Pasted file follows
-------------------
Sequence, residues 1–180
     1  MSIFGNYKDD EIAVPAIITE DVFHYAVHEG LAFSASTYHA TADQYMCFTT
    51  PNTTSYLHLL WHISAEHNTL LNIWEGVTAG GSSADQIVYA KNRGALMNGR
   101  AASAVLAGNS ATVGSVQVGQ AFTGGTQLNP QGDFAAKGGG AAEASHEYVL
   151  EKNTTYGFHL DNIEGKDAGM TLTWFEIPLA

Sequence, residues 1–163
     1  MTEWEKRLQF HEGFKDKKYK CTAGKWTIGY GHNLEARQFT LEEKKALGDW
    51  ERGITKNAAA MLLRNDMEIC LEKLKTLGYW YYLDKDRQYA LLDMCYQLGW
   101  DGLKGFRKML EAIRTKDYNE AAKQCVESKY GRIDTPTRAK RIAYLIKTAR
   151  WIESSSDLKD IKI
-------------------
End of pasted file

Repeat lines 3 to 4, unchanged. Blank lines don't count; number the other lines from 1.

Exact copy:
    51  PNTTSYLHLL WHISAEHNTL LNIWEGVTAG GSSADQIVYA KNRGALMNGR
   101  AASAVLAGNS ATVGSVQVGQ AFTGGTQLNP QGDFAAKGGG AAEASHEYVL